17. 17. BUFFER AND TRANSACTION BOTTLENECKS • PAGELATCH_xx and LATCH_xx • PAGEIOLATCH_xx usually come from contention on the buffer pool • LATCH_xx commonly arise from contention on resources other than buffer pool, especially due to heaps or text data types • LCK_xx arise from lots of locks and blocks, perhaps by overlong transactions or improperly indexed tables or poorly configured hardware
  18. 18. CPU BOTTLENECKS • SOS_SCHEDULER_YIELD Yielding processor time • CXPACKET • Query parallelism due to splitting and merging overhead
  19. 19. IO BOTTLENECKS • WRITELOG • Writing transactions to the log on disk • PAGEIOLATCH_xx • Represent memory-to-disk transfers • IO_COMPLETION • Awaiting I/O task completion
  20. 20. EXTERNAL BOTTLENECKS • OLEDB • Wait on the OLEDB provider o Full-Text Search o Lots of linked servers • NETWORKIO • Often poor client response, in addition to physical networking
  21. 21. OTHER BOTTLENECKS • SLEEP_BPOOL_FLUSH • Checkpoint IO throttling • RESOURCE_SEMAPHORE_QUERY_CO MPILE • Throttling query compilations • Compilations, re-compilations, non- cacheable plans • RESOURCE_SEMAPHORE • Waiting for a memory grant
  22. 22. ARE THESE BOTTLENECKS? • WAITFOR • T-SQL WAITFOR command • SQLTRACE_BUFFER_FLUSH • Default trace • LAZYWRITER_SLEEP • System process waiting to start
  23. 23. TOP 10 WAITS FROM THE FIELD CPU PRESSURE • CPU pressure: SOS_SCHEDULER_YIELD • Parallelism: CXPACKET LOCKING • Long term blocking: LCK_X, LCK_M_U, & LCK_M_X MEMORY • Buffer latch: PAGELATCH_X • Non-buffer latch: LATCH_X • Memory grants: RESOURCE_SEMAPHORE I/O • Buffer I/O latch: PAGEIOLATCH_X • Tran log disk subsystem: WRITELOG & LOGBUFFER • General I/O issues: ASYNC_IO_COMPLETION & IO_COMPLETION NETWORK PRESSURE • Network I/O: ASYNC_NETWORK_IO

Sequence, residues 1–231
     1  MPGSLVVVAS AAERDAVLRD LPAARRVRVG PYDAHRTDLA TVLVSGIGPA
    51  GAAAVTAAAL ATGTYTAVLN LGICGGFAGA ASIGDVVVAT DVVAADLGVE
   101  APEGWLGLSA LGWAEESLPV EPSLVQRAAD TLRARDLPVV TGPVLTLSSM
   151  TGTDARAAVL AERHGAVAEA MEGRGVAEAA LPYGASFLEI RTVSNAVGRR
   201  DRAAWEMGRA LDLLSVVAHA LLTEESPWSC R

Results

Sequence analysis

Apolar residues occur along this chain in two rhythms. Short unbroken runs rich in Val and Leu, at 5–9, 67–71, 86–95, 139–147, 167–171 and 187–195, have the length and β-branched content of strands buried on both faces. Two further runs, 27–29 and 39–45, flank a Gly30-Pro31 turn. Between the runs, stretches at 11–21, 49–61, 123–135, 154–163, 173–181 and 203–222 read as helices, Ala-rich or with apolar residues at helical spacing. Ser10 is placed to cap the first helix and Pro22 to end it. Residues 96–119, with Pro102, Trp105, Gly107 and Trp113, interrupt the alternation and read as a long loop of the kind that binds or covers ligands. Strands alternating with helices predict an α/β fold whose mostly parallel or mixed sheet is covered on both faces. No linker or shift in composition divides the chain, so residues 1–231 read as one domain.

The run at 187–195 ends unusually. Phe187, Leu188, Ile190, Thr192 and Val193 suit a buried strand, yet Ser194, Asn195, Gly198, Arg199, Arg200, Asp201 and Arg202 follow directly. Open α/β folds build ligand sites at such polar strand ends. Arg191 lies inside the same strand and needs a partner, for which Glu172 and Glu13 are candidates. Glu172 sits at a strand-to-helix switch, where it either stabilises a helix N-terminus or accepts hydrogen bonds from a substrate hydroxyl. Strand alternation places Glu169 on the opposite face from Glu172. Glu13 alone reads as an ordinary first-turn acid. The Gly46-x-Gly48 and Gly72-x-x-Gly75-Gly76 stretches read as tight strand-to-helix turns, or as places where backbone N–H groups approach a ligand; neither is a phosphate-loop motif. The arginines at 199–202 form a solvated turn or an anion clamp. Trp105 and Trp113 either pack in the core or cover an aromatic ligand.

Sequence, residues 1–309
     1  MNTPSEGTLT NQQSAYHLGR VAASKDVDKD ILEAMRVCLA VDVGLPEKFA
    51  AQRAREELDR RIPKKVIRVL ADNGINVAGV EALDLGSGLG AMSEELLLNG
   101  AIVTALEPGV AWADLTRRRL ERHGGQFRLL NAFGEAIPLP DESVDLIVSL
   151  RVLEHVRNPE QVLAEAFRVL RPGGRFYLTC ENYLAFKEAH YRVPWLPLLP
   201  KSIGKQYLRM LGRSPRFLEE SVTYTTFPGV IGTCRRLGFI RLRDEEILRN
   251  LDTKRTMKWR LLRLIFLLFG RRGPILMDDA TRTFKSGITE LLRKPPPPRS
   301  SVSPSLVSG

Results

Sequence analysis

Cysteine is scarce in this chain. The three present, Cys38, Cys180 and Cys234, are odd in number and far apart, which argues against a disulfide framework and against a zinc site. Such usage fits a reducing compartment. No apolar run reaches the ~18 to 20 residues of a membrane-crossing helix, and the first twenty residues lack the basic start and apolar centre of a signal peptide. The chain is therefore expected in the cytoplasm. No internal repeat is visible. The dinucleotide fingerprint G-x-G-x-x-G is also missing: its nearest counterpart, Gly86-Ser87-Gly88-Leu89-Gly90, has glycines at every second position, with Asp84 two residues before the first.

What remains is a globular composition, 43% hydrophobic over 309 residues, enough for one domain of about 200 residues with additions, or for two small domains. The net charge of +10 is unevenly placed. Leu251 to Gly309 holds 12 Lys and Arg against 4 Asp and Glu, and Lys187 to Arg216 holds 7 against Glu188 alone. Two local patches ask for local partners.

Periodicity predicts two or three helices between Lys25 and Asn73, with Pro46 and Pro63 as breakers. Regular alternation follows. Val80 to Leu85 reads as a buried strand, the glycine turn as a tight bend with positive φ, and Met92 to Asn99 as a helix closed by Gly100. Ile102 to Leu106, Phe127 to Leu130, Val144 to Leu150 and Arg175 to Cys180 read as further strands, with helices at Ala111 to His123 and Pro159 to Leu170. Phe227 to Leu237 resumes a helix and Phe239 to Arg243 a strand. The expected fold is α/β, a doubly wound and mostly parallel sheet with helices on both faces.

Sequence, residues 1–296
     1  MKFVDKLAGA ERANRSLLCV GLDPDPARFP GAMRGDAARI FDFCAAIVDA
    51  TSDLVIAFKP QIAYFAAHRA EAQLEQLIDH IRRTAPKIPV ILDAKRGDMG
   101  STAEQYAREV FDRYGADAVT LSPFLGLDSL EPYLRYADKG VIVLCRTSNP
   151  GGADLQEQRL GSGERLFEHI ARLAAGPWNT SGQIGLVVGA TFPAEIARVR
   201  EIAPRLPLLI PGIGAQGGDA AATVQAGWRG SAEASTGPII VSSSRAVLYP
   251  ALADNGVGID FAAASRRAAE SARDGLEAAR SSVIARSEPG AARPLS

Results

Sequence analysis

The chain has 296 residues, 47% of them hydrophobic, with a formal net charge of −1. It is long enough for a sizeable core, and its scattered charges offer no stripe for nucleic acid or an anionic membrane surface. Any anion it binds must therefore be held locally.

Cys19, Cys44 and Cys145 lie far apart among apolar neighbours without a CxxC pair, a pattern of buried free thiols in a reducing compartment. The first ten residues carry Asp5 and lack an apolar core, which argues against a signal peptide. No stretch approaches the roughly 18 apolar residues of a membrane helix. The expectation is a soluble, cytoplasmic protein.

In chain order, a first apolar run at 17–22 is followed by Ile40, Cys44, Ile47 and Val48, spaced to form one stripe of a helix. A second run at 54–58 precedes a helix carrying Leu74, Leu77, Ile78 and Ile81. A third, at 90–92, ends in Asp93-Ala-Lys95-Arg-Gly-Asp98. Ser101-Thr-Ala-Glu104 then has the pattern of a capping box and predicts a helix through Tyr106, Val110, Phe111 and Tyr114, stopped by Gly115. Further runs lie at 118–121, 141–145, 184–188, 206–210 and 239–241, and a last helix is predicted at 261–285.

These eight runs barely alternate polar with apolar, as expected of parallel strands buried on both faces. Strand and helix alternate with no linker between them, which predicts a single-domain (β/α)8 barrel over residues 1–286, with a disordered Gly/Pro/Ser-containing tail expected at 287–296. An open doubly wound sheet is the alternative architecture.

24. 24. CORRELATING PERF INFORMATION • With wait stats, other older standbys are not as frequently needed. o But they still help! • PerfMon • Xevents and Traces (either Profiler or Server-side) • DMVs
  25. 25. PERFMON • Benefits: Shows the rate of resource consumption or activity in a wide variety of areas on the server, for example o Disk IO; Memory; Network o SQL Server activity - Locking, Blocking, and Deadlocking; Cache Activity; Object Utilization • Limitations o Very hard to know what to track and what values indicate good or bad performance o Doesn’t offer good root-cause analysis, only resource consumption info
  27. 27. OS PERFMON COUNTERS Object Counter Value Notes Paging $Usage <70% Amount of page file currently in use Processor % Processor Time <= 80% The higher it is, the more likely users are delayed. Processor % Privilege Time <30% of % Processor Time Amount of time spent executing kernel commands like SQL Server IO requests. Process(sqlservr) Process (msmdsrv) % Processor Time < 80% Percentage of elapsed time spent on SQL Server and Analysis Server process threads. System Processor Queue Length < 4 < 12 per CPU is good/fair, < 8 is better, < 4 is best
  28. 28. IO AND MEM PERFMON COUNTERS Object Counter Value Notes Physical Disk Avg Disk Reads/sec < 8 > 20 is poor, <20 is good/fair, <12 is better, <8 is best Physical Disk Avg Disk Writes/sec < 8 or <1 Without cache: > 20 poor, <20 fair, <12 better, <8 best. With cache > 4 poor, <4 fair, <2 better, <1 best Memory Available Mbytes >100 Amount of physical memory available to run processes on the machine SQL Server: Memory Manager Memory Grants Pending ~0 Current number of processes waiting for a workspace memory grant. SQL Server: Buffer Manager Free List Stalls/sec < 2 Frequency that requests for db buffer pages are suspended because there are no buffers.
  29. 29. RED FLAG PERFMON COUNTERS Object Counter Value Notes :Access Methods Forwarded Records/sec <10* Tables with records traversed by a pointer. Should be < 10 per 100 batch requests/sec. :Access Methods Page Splits/sec <20* Number of 8k pages that filled and split into two new pages. Should be <20 per 100 batch requests/sec. :Databases Log Growths/sec; Percent Log used < 1 and <80%, resp Don’t let transaction log growth happen randomly! :SQL Statistics Batch Requests/sec * No firm number without benchmarking, but > 1000 is a very busy system. :SQL Statistics Compilations/sec;Reco mpilations/sec * Compilations should be <10% of batch requests/sec; Recompilations should be <10% of compilations/sec :Locks Deadlocks/sec < 1 Nbr of lock requests that caused a deadlock.